May 21, 2024

Alleged Wendy’s E. coli O157:H7 Outbreak Ends With 109 Sick

The alleged Wendy’s E. coli O157:H7 outbreak has ended with 109 sick and 52 hospitalized, according to the Centers for Disease Control and Prevention (CDC). The CDC states that officials were unable to confirm the food source, but 83% of patients interviewed said they ate at a Wendy’s fast food restaurant before they got sick. And many of those patients said they ate burgers and sandwiches made with romaine lettuce.

Wendy's E. coli O157:H7 Outbreak Ends With 109 Sick in 6 States

The case count by state is: Indiana (11), Kentucky (2), Michigan (67), New York (1), Ohio (24), and Pennsylvania (4). That’s an increase of 12 more patients since the ┬álast update on September 1, 2022. The actual number of people sickened in this outbreak is likely higher than this number, and the outbreak may not be limited to the states listed.

The patient age range is from 1 to 94 years. Illness onset dates range from July 26, 2022 to August 17, 2022. Of 97 people who gave information to public health investigators, 52 were hospitalized, for a rate of 53.6%. Thirteen people developed hemolytic uremic syndrome (HUS), which is a type of kidney failure.

Among 82 people with detailed food history, 68, or 83%, said they ate at a Wendy’s restaurant the week before their illness began. Those restaurants are located in Indiana, Kentucky, Michigan, New Jersey, Ohio, and Pennsylvania. Of 68 people who had detailed information about what they ate at Wendy’s, 46, or 68%, said they ate romaine lettuce served on burgers and sandwiches.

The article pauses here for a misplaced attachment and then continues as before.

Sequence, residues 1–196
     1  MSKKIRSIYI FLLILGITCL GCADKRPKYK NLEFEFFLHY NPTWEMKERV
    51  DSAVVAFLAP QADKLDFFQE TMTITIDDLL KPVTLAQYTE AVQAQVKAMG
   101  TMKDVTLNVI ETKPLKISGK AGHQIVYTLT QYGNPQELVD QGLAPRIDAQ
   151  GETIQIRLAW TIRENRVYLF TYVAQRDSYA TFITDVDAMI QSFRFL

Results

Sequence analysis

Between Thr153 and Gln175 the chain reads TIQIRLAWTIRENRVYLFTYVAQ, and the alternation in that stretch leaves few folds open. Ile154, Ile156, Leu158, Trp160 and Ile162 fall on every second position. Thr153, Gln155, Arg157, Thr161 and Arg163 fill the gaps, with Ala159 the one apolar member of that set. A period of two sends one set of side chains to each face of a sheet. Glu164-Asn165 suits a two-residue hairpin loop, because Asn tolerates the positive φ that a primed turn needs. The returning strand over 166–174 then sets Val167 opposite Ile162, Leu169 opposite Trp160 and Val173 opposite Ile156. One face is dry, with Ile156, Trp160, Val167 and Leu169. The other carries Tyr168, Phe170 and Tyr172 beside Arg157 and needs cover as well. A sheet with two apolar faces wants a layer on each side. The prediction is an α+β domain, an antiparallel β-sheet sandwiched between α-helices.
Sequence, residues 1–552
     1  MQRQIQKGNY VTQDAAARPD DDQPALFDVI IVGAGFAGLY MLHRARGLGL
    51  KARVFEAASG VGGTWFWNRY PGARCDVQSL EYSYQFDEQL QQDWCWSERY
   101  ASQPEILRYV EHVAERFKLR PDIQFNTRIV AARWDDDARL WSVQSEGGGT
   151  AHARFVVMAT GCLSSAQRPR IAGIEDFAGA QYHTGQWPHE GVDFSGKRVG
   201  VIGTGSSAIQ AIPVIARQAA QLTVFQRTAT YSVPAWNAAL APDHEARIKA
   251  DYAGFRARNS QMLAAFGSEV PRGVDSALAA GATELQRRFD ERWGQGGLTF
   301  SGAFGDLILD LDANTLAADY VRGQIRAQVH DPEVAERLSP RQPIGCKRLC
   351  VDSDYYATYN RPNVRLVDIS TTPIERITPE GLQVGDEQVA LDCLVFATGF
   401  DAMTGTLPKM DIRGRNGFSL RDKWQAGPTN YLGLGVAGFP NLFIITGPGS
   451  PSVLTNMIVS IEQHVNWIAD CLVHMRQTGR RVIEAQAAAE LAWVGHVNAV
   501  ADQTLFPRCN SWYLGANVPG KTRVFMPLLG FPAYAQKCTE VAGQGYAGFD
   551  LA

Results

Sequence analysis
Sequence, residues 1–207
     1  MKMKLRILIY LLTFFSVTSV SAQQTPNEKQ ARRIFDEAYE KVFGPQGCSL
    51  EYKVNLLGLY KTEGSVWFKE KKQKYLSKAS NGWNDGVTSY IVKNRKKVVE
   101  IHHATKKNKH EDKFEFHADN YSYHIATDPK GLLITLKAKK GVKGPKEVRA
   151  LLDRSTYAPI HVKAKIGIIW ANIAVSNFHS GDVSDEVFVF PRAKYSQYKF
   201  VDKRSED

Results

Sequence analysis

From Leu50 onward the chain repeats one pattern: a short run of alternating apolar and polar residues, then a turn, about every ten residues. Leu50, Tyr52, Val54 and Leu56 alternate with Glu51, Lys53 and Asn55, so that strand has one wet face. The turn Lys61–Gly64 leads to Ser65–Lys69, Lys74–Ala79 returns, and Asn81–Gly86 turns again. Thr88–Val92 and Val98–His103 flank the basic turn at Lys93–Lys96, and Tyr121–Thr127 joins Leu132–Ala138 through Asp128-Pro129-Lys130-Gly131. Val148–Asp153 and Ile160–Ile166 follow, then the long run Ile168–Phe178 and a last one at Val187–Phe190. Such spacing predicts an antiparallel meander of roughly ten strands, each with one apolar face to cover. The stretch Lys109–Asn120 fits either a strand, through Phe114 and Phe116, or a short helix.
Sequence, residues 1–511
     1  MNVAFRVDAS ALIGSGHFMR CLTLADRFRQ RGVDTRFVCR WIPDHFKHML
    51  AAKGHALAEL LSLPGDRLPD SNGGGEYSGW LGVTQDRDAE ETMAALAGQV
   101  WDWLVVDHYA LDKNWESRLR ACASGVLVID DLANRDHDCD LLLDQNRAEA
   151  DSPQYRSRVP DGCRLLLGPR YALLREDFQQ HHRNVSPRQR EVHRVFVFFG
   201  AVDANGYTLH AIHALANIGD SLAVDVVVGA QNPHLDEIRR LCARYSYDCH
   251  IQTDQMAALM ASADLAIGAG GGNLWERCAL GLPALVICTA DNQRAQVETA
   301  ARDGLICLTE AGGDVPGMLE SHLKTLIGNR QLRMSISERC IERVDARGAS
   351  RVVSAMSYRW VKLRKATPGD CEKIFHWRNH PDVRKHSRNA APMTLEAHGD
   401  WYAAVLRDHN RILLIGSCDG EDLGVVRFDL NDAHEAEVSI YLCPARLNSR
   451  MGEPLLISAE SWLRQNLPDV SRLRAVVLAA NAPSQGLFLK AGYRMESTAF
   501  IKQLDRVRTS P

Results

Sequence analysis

However, investigators could not confirm romaine lettuce as the source of this outbreak. The Wendy’s meals eaten by sick people had many similar ingredients. And there were no laboratory or traceback data that confirm romaine lettuce as the source. Still, Wendy’s removed the romaine lettuce used on burgers and sandwiches at restaurants in states where ill persons ate.

Whole genome sequencing showed that bacteria from sick people’s samples were closely related genetically. This means that patients likely got sick from eating the same food. Analysis of the pathogen from 108 patient isolates predicted resistance to the antibiotics hloramphenicol, streptomycin, sulfisoxazole, tetracycline, and trimethoprim-sulfamethoxazole. However, antibiotics are contraindicated in E. coli infections because the drugs can increase the risk of HUS.

If you have experienced symptoms of an E. coli O157:H7 infection and have eaten at Wendy’s, see your doctor. You may be part of this alleged Wendy’s E. coli O157:H7 outbreak

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